No matter how long you have been a truck driver and no matter how new or old your truck is, there will come a time when you will have to encounter a roadside inspection. It is easy for some individuals to become worked up and panic; however, there is no need for that to happen. Just remember, you are not the only one who gets inspected. Everyone will be inspected at some point during the year, so take a deep breath and try to remember the following tips to help get through it, get back on the road quickly, and without a citation.
- Always Perform a DVIR. Performing pre-trip inspections before you hit the road is always a good idea. Following a Driver’s Vehicle Inspection Report (DVIR) can help you check off all the right boxes on your truck. This report includes checking your battery, brakes, clutch, defrost, exhaust, horn, lights, mirrors, safety equipment, tires, and windows. These items are just a few of the things you should check. Make sure you also pay close attention during your own inspection. Attention to detail will pay off during a roadside inspection and it’s also a safer way to drive.
- Review the Annual Vehicle Inspection Report. The Federal Motor Carrier Safety Administration’s (FMCSA) Annual Vehicle Inspection Report outlines all of the same things that will be checked if you have to go through a Level I Roadside Inspection. It is a good idea to review this report before your area’s Department of Transportation inspection period every summer.
- Keep Your Truck Clean. Make sure your truck, tires, wheels, and interior are as clean as possible. Doing this may be the key to a fast inspection, as it lets the inspectors know that you are a responsible and detail-oriented driver. It also keeps everything visible to the inspectors for a fast walk-a-around.
- Know Where Your Emergency Supplies Are. Make sure you always know where your roadside emergency warning triangles and fire extinguisher are. Knowing where these items are at all times will not only help you pass a roadside inspection, but it will also help you in different situations.
- Don’t Rush. If for some reason you get waved in for a closer look during an inspection, don’t be in a hurry. If you decide to rush the inspection, you could make the inspector angry. Instead, pull in slowly, follow the signs, and watch out for foot traffic in the inspection area.
- No Radar Detectors. The Federal Motor Carrier Safety Administration does not allow radar detectors; therefore, it would be wise not to have one in your cab.
- Make Sure Your Dog is Secure. If your dog is traveling with you, make sure the first thing you do after you get parked is to put them in a secure dog carrier, especially if they are aggressive or nervous. This will not only help the inspector do their job, but it will also keep your dog safe from traffic.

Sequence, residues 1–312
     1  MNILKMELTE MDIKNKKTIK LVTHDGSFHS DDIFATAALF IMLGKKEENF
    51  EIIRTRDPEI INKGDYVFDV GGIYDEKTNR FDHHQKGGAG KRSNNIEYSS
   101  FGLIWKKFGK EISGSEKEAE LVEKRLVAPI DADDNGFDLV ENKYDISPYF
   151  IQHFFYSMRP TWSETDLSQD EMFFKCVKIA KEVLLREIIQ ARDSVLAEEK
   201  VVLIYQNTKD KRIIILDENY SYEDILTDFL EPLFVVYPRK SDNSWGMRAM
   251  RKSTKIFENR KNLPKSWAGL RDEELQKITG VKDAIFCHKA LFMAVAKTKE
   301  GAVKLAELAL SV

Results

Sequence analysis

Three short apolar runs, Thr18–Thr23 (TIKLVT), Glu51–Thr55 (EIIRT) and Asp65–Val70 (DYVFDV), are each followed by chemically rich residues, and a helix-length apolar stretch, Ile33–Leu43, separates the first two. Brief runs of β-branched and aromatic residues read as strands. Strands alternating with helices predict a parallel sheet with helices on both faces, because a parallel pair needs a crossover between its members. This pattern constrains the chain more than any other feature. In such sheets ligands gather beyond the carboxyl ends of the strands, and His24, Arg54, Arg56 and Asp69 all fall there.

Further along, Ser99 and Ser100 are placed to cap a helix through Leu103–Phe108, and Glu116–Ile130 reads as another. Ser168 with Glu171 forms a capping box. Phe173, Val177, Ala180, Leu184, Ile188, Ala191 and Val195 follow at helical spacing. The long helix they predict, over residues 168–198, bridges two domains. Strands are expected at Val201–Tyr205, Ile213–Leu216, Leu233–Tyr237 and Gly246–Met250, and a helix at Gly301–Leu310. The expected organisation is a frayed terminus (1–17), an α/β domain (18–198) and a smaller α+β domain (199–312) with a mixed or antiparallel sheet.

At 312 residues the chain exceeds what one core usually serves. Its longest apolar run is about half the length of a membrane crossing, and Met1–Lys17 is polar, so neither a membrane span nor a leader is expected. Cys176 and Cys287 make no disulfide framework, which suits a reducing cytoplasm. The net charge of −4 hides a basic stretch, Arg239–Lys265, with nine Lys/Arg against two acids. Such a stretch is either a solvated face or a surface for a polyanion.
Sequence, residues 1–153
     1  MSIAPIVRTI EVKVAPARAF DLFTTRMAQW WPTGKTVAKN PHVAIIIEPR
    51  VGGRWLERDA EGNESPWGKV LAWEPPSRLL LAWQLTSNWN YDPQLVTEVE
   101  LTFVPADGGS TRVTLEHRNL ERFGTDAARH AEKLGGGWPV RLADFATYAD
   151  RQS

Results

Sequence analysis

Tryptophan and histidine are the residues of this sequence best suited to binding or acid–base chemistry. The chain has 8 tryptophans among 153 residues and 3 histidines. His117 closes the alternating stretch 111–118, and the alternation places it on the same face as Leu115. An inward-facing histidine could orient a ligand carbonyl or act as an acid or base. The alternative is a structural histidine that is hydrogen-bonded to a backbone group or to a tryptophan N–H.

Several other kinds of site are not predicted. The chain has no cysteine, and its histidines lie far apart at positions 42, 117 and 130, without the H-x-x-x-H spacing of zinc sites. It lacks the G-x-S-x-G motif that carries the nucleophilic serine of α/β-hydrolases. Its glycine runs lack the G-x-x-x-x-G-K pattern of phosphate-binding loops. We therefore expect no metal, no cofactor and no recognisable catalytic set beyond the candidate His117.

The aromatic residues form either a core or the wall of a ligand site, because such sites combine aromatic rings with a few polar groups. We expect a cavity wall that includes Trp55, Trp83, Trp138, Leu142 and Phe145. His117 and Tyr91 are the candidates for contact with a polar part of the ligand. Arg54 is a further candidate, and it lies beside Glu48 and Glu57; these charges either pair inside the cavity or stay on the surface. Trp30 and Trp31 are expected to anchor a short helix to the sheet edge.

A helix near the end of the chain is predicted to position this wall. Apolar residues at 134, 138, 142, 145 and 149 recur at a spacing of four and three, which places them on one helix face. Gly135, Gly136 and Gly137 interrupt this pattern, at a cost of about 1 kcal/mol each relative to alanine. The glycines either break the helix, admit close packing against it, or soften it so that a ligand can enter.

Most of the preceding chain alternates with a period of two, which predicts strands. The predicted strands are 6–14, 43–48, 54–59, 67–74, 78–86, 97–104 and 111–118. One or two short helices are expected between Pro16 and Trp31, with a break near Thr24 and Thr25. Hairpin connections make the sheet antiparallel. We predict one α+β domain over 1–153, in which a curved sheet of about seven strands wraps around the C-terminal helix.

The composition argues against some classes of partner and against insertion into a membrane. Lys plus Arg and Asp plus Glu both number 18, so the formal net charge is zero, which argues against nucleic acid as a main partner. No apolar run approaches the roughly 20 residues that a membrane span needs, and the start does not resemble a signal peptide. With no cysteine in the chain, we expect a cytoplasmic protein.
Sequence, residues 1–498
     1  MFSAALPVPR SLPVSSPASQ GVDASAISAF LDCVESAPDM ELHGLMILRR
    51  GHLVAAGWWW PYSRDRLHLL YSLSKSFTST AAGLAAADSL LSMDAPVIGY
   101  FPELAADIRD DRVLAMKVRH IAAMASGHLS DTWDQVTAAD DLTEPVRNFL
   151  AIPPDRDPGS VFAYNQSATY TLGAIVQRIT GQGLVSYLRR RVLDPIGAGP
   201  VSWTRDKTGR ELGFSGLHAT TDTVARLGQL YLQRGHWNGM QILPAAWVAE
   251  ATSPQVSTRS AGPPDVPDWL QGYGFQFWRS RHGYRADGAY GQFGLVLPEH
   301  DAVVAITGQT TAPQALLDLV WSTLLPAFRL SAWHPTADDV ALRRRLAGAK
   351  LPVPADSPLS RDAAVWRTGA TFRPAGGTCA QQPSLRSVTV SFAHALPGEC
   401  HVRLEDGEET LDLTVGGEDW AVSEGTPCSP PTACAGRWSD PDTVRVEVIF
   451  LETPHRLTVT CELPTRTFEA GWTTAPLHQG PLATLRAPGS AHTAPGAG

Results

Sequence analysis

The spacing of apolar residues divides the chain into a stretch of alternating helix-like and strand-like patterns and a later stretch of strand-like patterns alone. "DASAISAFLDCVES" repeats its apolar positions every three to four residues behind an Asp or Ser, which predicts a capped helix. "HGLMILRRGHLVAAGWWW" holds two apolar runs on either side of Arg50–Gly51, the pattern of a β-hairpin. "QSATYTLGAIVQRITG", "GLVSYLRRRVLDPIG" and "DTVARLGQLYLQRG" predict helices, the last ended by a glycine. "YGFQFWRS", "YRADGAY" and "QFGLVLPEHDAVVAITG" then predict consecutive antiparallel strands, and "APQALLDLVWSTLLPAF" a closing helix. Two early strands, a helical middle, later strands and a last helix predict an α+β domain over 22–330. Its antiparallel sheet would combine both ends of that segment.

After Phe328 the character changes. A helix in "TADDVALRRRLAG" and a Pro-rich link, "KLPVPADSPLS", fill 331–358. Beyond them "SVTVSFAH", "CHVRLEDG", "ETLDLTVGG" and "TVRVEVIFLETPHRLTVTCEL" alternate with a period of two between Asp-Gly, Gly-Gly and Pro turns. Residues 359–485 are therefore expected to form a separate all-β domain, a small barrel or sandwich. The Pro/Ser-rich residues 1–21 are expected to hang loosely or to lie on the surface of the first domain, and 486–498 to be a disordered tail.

- Admit to Any Known Problems. Tell the truth about any problems you may know about and could cause further inspection. It is possible the inspector might waive the citations if you have shown that you know about the issue, discovered it recently, and are working toward getting it fixed.
- Know How to Work Your ELD. The inspector will ask to look at your Electronic Logging Device (ELD), so be sure you understand how to email your e-logs to the inspector. This will help speed up the inspection process so you can get back on the road.
- Have Your Documents in Order. Make sure you have your documentation organized, in order, and easily accessible in a binder or folder. You will need to have your driver’s license, registration, vehicle insurance, Medical Examiner’s Certificate, Record of Duty Status, annual inspection records, hazardous materials paperwork, IFTA (International Fuel Tax Agreement) card, and permit credentials.
- Carry Extra Equipment. It is important to carry plenty of equipment for securing loads. Loads that are not secured correctly are one of the most notorious reported problems during inspections. You’ll never be sorry that you packed extra tarps and straps.
The best advice any truck driver could get for passing an FMCSA Roadside Inspection is to simply be prepared. Making sure you create a habit of prioritizing the following items every day could save you from getting citations or causing delays and Out-of-Service Orders.
- Brakes that are out of adjustment or other brake issues
- Tires that are under-inflated or too worn
- Securing of loads
- Damage to lights
- Windshield damage or obstruction
- Oil leaks
Direct Freight wants to make sure that your trips are worth the drive and you and your load stay safe. Here at Direct Freight Services, we can help you find the right load for you. We also offer services that can make your drives easier, such as truck stop locations, mileage calculator, and trucking links. To learn more about our services, visit us at directfreight.com.